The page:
The new space race
Blue Origin, the space firm set up by the Amazon.com founder, Jeff Bezos, has, for the first time, successfully carried out a launch as well as a successful landing of its re-usable spacecraft designed to take humans to the boundary of space. The Blue Origin project, unlike some of the other private space endeavours, has actually been developed from scratch, with both the launch vehicle and spacecraft together being referred to as New Shepard. The BE-3 rocket engine that propels the craft into space can act as both the take-off thruster as well as a precision-descent system. During this most recent trial of the spacecraft, the returning space vehicle was first slowed down by a series of air brakes and aerodynamic fins before the BE-3 thruster re-ignited and enabled the rocket to touch down on its four legs at its original launch pad. Besides serving as a proof of principle test for Blue Origin, the successful completion of the trial has actually made it possible for the firm to trump Elon Musk’s space company, SpaceX, in the development a multiple-use launch vehicle. But it must be kept in mind that the Blue Origin launch vehicle is meant to boost it’s space capsule only to the edge of space and only for a short period while SpaceX’s space launch system provides full orbital insertion capabilities.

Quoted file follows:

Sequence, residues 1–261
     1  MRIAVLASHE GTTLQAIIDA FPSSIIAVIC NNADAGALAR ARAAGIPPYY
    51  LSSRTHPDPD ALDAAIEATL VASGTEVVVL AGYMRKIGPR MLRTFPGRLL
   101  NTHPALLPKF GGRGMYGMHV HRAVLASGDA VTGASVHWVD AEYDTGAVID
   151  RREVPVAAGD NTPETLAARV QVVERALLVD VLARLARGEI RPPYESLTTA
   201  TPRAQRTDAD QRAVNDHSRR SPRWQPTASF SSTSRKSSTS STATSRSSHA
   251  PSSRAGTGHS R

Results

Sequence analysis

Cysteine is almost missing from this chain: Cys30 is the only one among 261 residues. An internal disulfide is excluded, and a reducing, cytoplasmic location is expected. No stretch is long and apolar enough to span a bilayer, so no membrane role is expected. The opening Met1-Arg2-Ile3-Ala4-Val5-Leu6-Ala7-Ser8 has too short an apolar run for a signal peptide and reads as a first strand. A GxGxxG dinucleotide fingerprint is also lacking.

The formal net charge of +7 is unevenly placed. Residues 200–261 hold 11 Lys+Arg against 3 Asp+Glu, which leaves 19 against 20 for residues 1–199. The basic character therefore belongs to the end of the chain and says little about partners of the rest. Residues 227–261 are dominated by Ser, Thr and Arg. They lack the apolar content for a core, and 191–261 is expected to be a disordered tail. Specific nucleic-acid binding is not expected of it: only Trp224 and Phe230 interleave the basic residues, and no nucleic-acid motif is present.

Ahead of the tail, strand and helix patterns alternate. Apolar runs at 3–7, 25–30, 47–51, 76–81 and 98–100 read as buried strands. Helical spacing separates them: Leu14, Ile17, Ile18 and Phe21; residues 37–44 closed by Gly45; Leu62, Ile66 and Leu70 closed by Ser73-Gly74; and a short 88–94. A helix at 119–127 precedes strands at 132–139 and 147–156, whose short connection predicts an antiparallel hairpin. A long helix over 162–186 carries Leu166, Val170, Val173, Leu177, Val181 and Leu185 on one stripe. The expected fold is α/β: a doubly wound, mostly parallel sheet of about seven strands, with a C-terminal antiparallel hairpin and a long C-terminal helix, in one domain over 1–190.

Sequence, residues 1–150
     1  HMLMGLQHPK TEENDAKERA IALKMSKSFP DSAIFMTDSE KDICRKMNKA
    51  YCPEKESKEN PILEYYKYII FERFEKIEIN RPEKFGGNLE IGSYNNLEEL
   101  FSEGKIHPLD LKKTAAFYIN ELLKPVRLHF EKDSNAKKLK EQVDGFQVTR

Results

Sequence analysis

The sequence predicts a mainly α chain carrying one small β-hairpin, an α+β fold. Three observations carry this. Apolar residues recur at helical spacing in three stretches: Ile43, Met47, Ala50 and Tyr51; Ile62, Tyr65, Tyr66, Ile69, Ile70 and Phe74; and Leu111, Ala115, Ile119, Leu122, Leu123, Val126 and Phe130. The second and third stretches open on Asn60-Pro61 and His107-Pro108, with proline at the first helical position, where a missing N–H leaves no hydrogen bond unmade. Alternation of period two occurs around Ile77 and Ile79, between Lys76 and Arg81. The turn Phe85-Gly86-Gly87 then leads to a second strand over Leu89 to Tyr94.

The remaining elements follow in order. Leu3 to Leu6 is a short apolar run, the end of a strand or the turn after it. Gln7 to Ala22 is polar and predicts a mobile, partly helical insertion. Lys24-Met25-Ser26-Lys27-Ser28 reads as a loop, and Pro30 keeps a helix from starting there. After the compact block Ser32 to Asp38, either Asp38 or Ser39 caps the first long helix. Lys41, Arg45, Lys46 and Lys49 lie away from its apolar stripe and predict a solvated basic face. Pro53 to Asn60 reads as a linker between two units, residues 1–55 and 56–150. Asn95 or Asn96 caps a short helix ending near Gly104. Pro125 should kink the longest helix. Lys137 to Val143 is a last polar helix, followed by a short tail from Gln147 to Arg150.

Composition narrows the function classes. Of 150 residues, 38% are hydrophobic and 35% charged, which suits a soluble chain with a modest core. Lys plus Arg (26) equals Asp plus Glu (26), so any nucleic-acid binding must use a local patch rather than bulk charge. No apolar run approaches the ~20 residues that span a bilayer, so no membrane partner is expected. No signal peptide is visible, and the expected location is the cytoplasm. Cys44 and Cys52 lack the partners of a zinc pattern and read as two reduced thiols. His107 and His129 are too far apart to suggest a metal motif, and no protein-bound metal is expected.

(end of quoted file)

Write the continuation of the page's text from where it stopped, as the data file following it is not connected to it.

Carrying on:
The next DIY revolution in the making
CRISPR genome editing is among one of the most revolutionary innovations in biology that has happened in recent times, enabling professional biomedical researchers to easily create incredibly specific DNA modifications to almost any living cell. One biologist now hopes to make the technique accessible to amateur bio-hackers and DIY biologists everywhere so that just about anybody can try their hand at bio-hacking that is normally the exclusive domain of professionals. Dr. Josiah Zayner of the synthetic biology lab at NASA intends to sell biology sets to the general public that will include everything a fledgling scientist requires to accomplish CRISPR modifications to micro-organisms. For $130 US dollars, one will able to re-engineer bacteria to feed off of an alternative food source and for $160 US dollars, anyone will be able to modify the gene in yeast that will change its color to red. Now that’s an expensive hobby but a cool one!
Smart eyeglasses for everybody